‘A Safe Place’: Scottie Grinton’s Library Story

Scottie Grinton is a longtime Library member, a voracious reader who upped his visits when he became a father and started bringing his young son. Then in the mid ’90s, with his marriage on the rocks, the Library took on new meaning to him.

“The Library deserves a bunch of credit for contributing to the saving of my sanity and my spirit,” he says.

Scottie says he’s not the kind of guy that escapes to bars and clubs. Instead, the Library became his refuge.

“It was a place I could go and feel safe and I could take time for myself, both in terms of escape, like reading fiction, and in terms of the sort of things I needed to keep my head on straight, like looking up counselling services,” he says.

Scottie visited Nose Hill Library a few times a week. During those visits, Scottie remembers smiling Library staff who would always say hello. He found joy being in a comfortable place and devouring works of fiction. “There’s nothing safer than a book,” he says. Scottie gravitated to a diverse assortment of genres: cheesy spy thrillers, science fiction, classics he never read in high school (like Lord of the Flies), and summer reads.

“I was lost,” he remembers. “When a marriage breaks down — even if a marriage ending is a good thing — your foundation is shaken up. I was looking for a place where I could feel emotionally safe and secure, and I found that at the Library.”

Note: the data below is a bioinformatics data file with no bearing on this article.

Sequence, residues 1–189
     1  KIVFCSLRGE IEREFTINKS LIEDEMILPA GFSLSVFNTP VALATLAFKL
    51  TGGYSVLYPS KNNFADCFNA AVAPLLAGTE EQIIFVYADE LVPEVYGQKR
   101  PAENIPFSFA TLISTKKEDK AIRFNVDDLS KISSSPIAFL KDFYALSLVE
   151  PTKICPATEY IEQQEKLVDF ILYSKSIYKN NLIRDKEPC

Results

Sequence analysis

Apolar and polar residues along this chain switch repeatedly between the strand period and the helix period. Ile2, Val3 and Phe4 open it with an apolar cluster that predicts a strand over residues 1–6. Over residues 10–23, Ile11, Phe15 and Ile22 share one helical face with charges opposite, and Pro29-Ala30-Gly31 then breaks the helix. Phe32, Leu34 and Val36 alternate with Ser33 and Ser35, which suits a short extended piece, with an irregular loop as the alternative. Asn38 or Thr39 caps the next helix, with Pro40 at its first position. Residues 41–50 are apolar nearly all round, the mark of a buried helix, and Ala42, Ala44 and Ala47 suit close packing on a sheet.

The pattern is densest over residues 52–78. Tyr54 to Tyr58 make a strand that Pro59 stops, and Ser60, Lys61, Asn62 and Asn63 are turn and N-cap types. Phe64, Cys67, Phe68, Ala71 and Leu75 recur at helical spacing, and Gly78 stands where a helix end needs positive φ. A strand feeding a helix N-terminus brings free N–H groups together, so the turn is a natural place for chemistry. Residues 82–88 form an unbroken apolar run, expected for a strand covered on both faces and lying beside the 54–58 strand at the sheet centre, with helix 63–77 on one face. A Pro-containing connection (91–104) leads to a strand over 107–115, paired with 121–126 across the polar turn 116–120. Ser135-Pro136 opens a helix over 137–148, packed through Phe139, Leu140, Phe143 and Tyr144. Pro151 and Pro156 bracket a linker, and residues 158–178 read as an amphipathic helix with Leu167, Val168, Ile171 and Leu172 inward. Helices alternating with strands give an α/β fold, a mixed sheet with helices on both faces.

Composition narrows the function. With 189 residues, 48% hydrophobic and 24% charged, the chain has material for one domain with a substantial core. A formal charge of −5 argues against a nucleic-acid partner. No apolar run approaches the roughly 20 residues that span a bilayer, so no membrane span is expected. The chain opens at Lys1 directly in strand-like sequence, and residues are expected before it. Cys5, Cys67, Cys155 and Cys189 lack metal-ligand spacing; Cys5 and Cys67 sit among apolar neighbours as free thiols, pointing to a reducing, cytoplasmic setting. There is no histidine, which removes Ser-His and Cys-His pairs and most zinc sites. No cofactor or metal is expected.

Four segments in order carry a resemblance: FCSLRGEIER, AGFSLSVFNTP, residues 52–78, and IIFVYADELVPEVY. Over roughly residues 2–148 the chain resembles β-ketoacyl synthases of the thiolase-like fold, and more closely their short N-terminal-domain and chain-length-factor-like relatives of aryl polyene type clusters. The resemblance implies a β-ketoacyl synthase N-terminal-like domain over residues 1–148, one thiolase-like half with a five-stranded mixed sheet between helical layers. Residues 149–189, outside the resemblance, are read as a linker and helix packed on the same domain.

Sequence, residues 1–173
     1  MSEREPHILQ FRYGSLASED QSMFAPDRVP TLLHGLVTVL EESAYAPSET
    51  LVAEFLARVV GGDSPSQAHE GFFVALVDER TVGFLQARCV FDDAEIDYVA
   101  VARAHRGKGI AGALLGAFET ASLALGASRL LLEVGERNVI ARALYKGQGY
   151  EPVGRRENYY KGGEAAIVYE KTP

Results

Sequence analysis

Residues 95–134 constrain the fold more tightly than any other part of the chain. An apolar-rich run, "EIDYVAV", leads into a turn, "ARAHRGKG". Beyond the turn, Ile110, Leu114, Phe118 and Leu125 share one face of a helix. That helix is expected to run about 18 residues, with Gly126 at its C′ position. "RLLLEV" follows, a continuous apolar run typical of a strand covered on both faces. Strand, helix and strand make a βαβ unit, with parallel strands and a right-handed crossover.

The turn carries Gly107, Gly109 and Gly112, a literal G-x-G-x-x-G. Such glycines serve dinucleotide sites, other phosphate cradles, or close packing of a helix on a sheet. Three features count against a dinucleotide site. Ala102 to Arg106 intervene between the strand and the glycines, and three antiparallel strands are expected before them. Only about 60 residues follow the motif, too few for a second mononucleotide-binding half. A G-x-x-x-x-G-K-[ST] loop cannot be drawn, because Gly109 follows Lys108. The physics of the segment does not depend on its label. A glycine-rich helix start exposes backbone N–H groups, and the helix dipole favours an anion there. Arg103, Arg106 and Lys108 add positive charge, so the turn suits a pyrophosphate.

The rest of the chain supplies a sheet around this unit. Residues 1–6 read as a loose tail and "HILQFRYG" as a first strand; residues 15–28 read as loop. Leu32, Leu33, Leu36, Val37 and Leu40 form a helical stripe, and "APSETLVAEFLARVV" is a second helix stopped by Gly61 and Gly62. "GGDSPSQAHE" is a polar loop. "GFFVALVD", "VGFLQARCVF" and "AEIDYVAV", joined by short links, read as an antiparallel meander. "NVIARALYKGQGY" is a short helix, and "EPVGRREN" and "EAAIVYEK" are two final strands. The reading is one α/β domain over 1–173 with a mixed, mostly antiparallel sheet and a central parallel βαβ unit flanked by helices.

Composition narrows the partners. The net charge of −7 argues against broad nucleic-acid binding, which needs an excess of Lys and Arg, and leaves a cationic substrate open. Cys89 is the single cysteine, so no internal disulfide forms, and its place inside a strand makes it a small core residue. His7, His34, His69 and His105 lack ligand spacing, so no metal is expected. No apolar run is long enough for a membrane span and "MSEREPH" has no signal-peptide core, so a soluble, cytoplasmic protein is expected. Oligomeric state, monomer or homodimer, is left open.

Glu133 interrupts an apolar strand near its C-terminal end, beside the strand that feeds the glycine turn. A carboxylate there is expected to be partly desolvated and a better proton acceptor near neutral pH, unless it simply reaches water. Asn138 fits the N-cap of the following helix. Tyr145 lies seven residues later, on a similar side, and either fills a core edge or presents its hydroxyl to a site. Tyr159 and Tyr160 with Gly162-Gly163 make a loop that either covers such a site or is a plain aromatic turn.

Looking back now, Scottie says time, work, and creativity helped him get through a tough divorce. He also focused on being a good dad, and that meant lots of time spent reading with his son.

In later years, when Scottie and his son moved to a south Calgary neighbourhood, the Giuffre Family Library (formerly Alexander Calhoun Library) became their home Library. “I really like this location because there’s an intimacy here,” he says.

Scottie sees immense value in libraries, for being buildings full of books and resources, and welcoming places for people. “There’s such a need for community, for people coming together,” he says. He considers libraries valuable public spaces, quite unlike anywhere else in the city.

Today, Scottie’s life is much different than it was in the ‘90s. He is happily remarried and works as a Realtor and a part-time actor. His wife, also a Realtor, is a writer with two books on the Library’s shelves.

Now a grandpa, Scottie is proud that his three young grandchildren love reading. And Scottie still enjoys escaping into a good read; he loves plays, science fiction, mystery, and biographies, and is currently raving about The Essay.

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